Where Knowledge Junkies Get Their Fix
Rob Lammle
3 Controversial Maps
by Rob Lammle - August 15, 2008 - 3:05 PM

1. The One With Only 38 States


[Click on the map for a larger view.]

If George Etzel Pearcy had his way, Lynyrd Skynyrd’s famous song would have been called “Sweet Home Talladego.” In 1973, the California State University geography professor suggested that the U.S. should redraw its antiquated state boundaries and narrow the overall number of states to a mere thirty-eight.

Pearcy’s proposed state lines were drawn in less-populated areas, isolating large cities and reducing their number within each state. He argued that if there were fewer cities vying for a state’s tax dollars, more money would be available for projects that would benefit all citizens.

Because the current states were being chopped up beyond recognition, part of his plan included renaming the new states by referencing natural geologic features or the region’s cultural history.

While he did have a rather staunch support network—economists, geographers, and even a few politicians argued that Pearcy’s plan might be crazy enough to work—the proposal was defeated in Washington, D.C. Imagine all the work that would have to be done to enact Pearcy’s plan: re-surveying the land, setting up new voter districts, new taxation infrastructure—basically starting the whole country over. It’s easy to see why the government balked.

The map above was published in 1973. Oddly, it doesn’t show any city locations to help illustrate Pearcy’s argument. At this point, I should tell you that I make maps for a living. So I did my best to replicate Pearcy’s map using population data from the 2000 census to show current high population cities and where they would fall within the new states. Here’s what I came up with:


[Click on the map for a larger view.]

As you can see, many of the new states contain a small number of major metropolitan areas, and the problem of dual-state cities has been solved. While Pearcy’s proposal might have been a logistical nightmare to make a reality, that doesn’t necessarily mean it was a bad idea.

2. The One Where Greenland & Africa are the Same Size


In 1973, Arno Peters, a German filmmaker and journalist, called a press conference to denounce the widely accepted map of the world known as the “Mercator Map” (above). Peters’ position was that the Mercator Projection—a cylindrical projection first developed in 1569 by Flemish cartographer Gerardus Mercator—was not only inaccurate, but downright racist. Peters pointed out that the Mercator map has a distortion in the northern hemisphere, making North American and Eurasian countries appear much larger than they actually are. For example, Greenland and Africa are shown as roughly the same size, although in reality Africa is about fourteen times larger. In contrast, the regions along the equator—Africa, India, and South America, to name a few—appear smaller, especially when seen next to the distorted northern half of the map. It was Peters’ belief that this error led many in the developed world to ignore the struggles of the larger, poorer nations near the equator.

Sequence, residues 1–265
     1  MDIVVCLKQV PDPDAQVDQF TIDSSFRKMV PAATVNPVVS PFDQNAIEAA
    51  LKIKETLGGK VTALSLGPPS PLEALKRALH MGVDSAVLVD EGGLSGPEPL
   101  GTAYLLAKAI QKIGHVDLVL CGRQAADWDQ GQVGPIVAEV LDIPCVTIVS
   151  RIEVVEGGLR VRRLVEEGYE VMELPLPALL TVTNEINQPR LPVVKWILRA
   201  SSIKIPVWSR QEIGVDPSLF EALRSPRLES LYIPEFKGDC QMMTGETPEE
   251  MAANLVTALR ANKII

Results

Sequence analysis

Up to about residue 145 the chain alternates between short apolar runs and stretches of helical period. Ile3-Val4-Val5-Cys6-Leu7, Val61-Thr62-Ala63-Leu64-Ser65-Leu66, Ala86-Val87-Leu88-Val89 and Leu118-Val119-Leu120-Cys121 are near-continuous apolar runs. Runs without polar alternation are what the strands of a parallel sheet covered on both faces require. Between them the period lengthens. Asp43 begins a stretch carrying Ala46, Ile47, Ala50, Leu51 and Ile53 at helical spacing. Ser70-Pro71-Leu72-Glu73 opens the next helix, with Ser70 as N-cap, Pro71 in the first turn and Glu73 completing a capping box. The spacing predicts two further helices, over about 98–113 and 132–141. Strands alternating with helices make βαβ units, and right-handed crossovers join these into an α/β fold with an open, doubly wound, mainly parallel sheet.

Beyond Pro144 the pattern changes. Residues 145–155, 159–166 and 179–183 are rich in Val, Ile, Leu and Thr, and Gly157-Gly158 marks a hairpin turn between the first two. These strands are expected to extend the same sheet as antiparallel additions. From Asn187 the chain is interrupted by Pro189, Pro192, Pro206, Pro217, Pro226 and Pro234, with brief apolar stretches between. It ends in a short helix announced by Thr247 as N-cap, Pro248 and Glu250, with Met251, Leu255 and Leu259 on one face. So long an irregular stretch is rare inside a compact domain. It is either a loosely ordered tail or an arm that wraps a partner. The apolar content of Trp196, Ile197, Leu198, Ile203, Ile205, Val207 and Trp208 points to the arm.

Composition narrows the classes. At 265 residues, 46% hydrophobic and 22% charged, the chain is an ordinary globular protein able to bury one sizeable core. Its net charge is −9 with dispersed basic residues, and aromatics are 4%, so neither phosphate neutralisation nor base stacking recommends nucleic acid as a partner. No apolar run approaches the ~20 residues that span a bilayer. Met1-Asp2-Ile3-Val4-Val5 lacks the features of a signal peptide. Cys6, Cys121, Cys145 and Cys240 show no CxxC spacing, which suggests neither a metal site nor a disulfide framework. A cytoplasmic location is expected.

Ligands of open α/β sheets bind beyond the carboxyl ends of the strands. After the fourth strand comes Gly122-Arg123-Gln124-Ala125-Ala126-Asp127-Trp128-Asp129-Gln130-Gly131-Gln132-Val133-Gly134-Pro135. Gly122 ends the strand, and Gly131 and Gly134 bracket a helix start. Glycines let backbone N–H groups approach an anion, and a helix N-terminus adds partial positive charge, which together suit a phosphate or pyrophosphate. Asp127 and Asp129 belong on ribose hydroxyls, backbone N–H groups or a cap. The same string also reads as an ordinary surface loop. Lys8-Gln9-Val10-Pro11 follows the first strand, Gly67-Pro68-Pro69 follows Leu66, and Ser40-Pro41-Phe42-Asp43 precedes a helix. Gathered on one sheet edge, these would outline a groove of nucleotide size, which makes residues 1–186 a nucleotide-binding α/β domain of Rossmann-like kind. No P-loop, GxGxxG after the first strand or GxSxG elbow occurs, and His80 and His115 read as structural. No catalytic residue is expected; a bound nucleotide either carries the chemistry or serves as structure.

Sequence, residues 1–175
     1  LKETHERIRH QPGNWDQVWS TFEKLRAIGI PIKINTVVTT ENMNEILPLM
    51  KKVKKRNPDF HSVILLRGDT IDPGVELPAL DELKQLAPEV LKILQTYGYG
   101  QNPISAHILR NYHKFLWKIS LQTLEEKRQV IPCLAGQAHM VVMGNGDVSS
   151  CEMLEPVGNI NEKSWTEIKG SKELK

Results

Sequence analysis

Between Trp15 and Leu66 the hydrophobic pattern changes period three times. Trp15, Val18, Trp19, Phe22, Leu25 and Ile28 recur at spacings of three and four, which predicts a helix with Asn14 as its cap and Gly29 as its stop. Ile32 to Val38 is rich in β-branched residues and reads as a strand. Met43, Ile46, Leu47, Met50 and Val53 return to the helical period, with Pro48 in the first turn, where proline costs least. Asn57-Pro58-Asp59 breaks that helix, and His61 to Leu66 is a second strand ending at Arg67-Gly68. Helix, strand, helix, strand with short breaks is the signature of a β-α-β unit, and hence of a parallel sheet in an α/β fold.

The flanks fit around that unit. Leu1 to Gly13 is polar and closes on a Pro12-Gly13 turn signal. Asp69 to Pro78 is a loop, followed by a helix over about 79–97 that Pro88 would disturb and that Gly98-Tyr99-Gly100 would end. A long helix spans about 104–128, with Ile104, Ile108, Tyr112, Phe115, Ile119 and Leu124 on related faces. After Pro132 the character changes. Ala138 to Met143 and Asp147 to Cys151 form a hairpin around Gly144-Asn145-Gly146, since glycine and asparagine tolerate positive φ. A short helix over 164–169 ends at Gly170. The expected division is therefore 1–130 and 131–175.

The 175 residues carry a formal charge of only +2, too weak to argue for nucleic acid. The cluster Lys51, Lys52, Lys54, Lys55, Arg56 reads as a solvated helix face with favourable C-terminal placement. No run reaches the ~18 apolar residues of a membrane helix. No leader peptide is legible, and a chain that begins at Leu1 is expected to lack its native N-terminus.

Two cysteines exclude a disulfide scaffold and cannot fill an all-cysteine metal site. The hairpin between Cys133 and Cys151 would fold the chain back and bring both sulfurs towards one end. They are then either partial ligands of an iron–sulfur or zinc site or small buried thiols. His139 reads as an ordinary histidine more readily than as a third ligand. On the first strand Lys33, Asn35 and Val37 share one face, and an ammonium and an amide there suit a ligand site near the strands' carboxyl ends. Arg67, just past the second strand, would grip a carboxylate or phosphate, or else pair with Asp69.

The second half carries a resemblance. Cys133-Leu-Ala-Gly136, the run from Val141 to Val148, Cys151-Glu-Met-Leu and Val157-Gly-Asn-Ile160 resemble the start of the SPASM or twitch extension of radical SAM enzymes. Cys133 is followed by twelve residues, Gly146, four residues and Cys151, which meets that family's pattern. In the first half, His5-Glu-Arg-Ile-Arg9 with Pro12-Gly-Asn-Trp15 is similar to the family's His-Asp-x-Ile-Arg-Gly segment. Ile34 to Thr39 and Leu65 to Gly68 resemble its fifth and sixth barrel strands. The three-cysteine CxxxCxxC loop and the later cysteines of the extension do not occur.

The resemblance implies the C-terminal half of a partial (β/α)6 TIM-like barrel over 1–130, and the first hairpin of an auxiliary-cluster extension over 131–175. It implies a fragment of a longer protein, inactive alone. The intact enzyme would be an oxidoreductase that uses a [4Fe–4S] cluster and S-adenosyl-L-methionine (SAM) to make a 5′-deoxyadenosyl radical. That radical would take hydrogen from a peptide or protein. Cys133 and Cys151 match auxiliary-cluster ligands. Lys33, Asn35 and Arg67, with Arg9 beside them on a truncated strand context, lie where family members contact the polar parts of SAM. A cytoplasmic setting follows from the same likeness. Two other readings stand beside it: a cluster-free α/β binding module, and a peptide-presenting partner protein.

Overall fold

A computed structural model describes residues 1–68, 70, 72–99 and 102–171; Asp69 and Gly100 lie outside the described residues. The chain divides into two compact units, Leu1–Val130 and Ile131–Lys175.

Of course Peters had a suggestion on how to fix this problem—his own map. The Peters Projection map, which claimed to show the world in a more accurate, equal-area fashion.


Because Peters’ map showed the size of developing nations more accurately, charitable organizations that worked in those regions quickly gave him their endorsement. Eventually his map became so well received that some were calling for an all-out ban on the Mercator map, believing it to be an outmoded symbol of colonialism.

The thing is, cartographers agreed that the Mercator map was outdated, inaccurate, and wasn’t the best way to represent the world’s landmasses. They’d been calling for the use of a new projection since the 1940s.

One of the reasons experts wanted to move away from the Mercator was because of the distortion. However, they also understood that it was distorted for good reason. The Mercator map was intended as a navigational tool for European mariners, who could draw a straight line from Point A to Point B and find their bearings with little trouble. Because it was made for European navigators, it was actually helpful to show Europe larger than it really was. It wasn’t a political statement, but a decision made purely for ease-of-use.

However, the biggest insult to cartographers was the Peters projection itself. Peters claimed to have created the projection, when in fact, it was essentially the same thing as devised in 1855 by a cartographer named James Gall. Many have recognized this similarity and now you’ll often see Peters’ map called “The Gall-Peters Projection.”

Today, the controversy is mostly dead. Both projections are seen as flawed and have fallen into disuse as more accurate maps have been developed. In classrooms now, you’re more likely to see the Robinson Projection or the Winkel Tripel Projection. The Gall-Peters map is still favored by some organizations, though many map publishers don’t even produce it anymore. And despite the controversy, the Mercator projection is still one of the most widely used navigational tools in the world—it’s the primary projection for Google Maps.